(Reuters) – The former chief executive of James Hardie Industries on Monday rejected the Australian building materials giant’s claims about concerns over his conduct and management style, and said he was “blindsided” by his firing last week.
The world’s top maker of fibre cement products on Friday terminated CEO Jack Truong, saying dozens of top executives had threatened to quit due to his conduct which, though not discriminatory, breached its code of conduct.
Executive Chairman Mike Hammes later said on a conference call that he had urged Truong to change his behaviour but a “sincere change” had not occurred.
“I was blindsided by the termination and unequivocally reject the assertions made by Mr. Hammes and the company,” Truong said in an emailed statement early Monday.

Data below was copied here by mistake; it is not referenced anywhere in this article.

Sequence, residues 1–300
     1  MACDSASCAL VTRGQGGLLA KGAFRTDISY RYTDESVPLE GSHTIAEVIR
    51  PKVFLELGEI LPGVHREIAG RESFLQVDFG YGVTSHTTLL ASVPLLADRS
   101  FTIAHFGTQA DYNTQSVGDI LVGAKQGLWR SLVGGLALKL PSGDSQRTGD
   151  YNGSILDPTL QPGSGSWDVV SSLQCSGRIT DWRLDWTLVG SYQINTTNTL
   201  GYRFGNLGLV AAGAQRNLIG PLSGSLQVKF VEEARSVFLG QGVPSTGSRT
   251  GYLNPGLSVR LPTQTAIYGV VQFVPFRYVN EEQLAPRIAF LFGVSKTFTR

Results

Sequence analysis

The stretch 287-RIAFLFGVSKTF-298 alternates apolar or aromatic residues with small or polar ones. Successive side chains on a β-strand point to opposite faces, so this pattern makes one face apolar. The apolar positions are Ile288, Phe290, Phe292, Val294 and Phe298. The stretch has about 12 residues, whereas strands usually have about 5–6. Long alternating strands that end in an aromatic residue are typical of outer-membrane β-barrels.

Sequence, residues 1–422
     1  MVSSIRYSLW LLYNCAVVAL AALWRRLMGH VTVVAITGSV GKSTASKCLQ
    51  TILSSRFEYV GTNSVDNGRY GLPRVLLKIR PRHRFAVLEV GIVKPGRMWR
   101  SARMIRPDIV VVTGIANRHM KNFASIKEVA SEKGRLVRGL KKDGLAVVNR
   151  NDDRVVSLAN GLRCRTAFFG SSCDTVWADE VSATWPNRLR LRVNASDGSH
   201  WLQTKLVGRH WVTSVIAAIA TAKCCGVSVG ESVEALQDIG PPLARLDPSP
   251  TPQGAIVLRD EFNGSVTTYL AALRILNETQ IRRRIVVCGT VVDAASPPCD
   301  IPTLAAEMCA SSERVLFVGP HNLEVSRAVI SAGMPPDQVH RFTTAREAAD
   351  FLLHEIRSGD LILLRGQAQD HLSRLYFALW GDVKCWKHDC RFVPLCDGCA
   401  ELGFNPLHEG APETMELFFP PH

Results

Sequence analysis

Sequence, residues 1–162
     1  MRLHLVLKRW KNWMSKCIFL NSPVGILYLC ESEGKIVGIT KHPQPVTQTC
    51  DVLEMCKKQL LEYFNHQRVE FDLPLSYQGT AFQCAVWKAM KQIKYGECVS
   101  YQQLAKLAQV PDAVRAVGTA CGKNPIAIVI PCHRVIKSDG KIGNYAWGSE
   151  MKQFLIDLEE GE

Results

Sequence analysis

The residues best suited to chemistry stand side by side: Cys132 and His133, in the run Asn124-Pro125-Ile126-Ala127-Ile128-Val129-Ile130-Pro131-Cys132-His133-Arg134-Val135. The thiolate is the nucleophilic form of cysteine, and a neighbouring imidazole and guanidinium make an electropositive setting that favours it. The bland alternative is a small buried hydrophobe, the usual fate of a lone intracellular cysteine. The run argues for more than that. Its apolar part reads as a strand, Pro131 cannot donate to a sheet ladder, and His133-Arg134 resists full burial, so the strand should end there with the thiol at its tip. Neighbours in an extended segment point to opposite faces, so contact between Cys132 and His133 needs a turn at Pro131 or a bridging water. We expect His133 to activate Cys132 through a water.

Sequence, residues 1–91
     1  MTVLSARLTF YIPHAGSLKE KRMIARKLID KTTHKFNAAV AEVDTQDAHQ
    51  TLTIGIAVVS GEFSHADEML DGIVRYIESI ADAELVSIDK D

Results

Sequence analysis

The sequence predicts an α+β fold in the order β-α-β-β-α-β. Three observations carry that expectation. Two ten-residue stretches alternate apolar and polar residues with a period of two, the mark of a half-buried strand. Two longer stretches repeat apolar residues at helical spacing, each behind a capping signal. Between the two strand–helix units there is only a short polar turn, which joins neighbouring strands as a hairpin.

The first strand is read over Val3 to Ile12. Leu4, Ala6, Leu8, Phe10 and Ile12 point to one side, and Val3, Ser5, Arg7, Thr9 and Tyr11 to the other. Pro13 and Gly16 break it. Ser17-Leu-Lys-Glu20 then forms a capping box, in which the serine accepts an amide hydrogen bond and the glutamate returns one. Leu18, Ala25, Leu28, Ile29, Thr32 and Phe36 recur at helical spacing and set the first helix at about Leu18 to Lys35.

“I’m … proud of the progress we made in building a culture of inclusion and respect with our more than 5,000 devoted employees. Based on employee and customer feedback, it was clear that they recognised our progress,” Truong said.
Truong’s departure came at a time James Hardie has ridden a pandemic housing boom to record profits, and highlighted the growing importance firms are putting on executive conduct beyond just earnings and dividends.
Brokerage Citi said in a note it saw little cause for concern in the short-term from Truong’s departure, but the company’s strategy may have a different feel over the medium-term when Hammes retires.
“With a new CEO and chairman combination, investors should be open to the possibility of changes down the track,” the brokerage said.
(Reporting by Shashwat Awasthi; Editing by Shounak Dasgupta)